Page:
Want to stay in Europe? cool, but here it depends where. From what i know, to practice in Poland, you have to pass the LEK exam (final med school exam in poland) The problem however, is that the teachers do not prep you for the LEK exam, since they consider English-division students as "foreigners" that will not stay in poland anyways..so preparing for the LEK will almost be even harder since reference books are in polish and VERY FEW students who are studying with you will be preparing for these exams, so it will be impossible to find a study "network". Don't know what the deal is with UK, or others, but you would need a high GPA with impressive credentials to get interviewed and accepted.

Day-to- day classes: For preclinical classes, it's just a teacher reading off a powerpoint presentation that will be given to you at the end of the class if u bring a USB drive. Classes rarely have quizzes or tests, mostly just an exam at the end.
The spoken English of most doctors is quite ok, considering, but it’s nothing close to fluent..
Never will you have a group project, maybe a presentation with a partner that you can choose (always ends up being the same people pairing up)
MANY individuals plagiarize and there is NO plagiarizing policy, so you will not get caught....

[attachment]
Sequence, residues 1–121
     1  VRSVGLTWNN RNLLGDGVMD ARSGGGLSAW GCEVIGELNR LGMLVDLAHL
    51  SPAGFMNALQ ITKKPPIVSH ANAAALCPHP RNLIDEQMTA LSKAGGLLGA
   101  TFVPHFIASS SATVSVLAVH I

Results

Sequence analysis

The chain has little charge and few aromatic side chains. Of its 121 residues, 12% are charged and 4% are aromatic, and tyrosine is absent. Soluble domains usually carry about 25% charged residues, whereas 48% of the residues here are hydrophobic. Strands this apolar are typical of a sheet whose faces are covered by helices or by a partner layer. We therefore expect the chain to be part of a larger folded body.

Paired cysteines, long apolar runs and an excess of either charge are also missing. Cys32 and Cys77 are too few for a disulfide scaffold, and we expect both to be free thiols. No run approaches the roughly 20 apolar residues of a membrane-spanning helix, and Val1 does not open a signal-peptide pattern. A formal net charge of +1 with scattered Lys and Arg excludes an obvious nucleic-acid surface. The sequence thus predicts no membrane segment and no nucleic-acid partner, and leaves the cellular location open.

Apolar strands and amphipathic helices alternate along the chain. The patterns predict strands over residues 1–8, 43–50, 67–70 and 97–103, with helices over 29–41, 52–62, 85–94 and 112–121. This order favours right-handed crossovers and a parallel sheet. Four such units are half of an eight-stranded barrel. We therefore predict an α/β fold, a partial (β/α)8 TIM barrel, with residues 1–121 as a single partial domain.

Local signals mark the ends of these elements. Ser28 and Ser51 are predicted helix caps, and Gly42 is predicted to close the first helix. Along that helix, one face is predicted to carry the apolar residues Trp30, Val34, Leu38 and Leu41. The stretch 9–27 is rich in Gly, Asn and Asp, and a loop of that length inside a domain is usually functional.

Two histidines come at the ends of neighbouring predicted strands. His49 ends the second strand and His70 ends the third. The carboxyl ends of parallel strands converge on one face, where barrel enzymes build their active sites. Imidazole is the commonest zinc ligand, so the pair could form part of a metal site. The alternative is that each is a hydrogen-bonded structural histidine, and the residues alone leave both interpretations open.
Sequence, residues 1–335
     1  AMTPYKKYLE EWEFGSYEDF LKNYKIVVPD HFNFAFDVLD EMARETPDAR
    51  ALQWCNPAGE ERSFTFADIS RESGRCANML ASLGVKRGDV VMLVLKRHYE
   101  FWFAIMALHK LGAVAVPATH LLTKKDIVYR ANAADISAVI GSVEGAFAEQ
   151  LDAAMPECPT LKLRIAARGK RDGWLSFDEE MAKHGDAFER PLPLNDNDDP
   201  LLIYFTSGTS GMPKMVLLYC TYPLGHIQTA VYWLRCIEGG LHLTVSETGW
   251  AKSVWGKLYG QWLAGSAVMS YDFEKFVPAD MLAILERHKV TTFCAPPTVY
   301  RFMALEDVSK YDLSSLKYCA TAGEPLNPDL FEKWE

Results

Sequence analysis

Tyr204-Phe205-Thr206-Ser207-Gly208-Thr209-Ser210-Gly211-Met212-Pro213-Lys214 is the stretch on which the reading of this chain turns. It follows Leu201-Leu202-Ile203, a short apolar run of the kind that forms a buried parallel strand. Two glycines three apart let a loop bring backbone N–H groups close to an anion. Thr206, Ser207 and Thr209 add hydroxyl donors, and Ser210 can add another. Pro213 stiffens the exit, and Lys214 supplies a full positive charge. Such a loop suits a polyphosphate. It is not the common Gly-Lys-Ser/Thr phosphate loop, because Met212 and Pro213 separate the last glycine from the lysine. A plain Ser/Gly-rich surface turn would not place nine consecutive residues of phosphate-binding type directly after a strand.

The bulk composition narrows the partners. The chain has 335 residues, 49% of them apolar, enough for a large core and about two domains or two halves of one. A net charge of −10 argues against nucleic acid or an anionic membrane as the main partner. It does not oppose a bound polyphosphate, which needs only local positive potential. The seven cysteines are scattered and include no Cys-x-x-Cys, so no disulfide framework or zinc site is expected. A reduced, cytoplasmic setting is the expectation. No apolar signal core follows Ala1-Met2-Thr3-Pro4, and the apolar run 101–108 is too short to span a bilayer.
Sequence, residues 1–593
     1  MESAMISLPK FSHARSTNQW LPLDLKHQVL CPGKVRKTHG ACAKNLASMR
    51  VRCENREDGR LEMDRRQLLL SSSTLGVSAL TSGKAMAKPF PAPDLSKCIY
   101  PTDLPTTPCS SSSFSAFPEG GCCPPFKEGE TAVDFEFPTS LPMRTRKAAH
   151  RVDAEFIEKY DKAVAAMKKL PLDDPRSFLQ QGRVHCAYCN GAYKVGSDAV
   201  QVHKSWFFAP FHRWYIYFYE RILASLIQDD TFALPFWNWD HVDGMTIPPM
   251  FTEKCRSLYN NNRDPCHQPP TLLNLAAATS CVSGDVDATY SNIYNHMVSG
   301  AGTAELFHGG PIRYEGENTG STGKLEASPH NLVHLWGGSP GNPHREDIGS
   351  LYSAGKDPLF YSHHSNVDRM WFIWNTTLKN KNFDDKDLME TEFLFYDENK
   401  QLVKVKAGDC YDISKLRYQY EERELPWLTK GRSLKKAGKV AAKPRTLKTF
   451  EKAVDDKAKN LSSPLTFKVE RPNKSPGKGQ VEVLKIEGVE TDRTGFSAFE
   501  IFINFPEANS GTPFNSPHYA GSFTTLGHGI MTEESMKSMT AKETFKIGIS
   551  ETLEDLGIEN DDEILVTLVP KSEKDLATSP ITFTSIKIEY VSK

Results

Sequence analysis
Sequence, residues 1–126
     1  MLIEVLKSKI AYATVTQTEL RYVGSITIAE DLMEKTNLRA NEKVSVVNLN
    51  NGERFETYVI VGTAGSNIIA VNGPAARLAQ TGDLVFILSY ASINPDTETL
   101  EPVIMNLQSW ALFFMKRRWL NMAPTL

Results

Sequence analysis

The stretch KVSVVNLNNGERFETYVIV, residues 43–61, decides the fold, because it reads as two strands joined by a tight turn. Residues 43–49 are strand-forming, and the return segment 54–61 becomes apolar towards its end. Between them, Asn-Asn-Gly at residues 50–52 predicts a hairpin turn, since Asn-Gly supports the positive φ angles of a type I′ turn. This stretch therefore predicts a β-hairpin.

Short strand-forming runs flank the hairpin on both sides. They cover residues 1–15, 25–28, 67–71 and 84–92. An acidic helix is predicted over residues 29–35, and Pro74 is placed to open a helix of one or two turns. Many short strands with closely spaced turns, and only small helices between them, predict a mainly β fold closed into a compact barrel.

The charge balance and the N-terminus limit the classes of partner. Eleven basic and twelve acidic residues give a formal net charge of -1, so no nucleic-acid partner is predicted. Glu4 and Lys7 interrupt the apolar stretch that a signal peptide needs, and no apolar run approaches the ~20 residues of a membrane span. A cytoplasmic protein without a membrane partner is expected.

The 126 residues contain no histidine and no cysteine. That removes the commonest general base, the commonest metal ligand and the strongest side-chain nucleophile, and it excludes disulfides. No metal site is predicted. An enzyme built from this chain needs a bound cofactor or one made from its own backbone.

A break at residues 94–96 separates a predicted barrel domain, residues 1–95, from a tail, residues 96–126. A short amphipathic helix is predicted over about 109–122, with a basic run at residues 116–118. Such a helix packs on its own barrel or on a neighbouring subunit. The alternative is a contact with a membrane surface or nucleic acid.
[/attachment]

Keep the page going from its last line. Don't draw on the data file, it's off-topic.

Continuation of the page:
For clinical classes, lots of standing around in your lab coat, taking a patient history. Interpretation by the teacher into Polish is always needed and back into English for the students. Much less frequently, you may do a physical exam on a patient. Teachers in clinical classes are different almost every day, making it hard for follow-up questions.

THERE IS RARELY A SYLLABUS for a class, which was supposed to have changed years ago but unfortunately, it isn't in practice.

For local exams, info is found on the endless powerpoints, and they are confusing and sometimes incorrect! A huge issue has been that mistakes are made on the exam by the prof, and they will NOT change their decision, even with the textbook in front of them proving them wrong.

TL; DR ?
Significantly different from Western Europe and American education systems imho. No direction or purpose...in preclinical classes , nor in clinical classes.

Environment in general: ok. Hard to get around the first 2 years of school since the city has very limited resources. Dorms are quite ok, depending on what you're used to.
The city is very cheap, groceries for a week will cost you 150-200zl (50-100$)
The city can be scary, for all ethnicities, to be honest. Some nice cafes and malls, and a new train station, and the city, as well as MUL building are being built. The modern European stylings in the new library and lecture rooms are still seemingly a facade to what goes on in the administration.

- you'll pass
- you'll get a diploma
- manufaktura is cool
- past papers galore

- you will not know much
- finding a job as a physician will be the biggest struggle

Anything you would like to know, just shout
Sorry for the poor spelling :P
thanks for your questions,

MUL student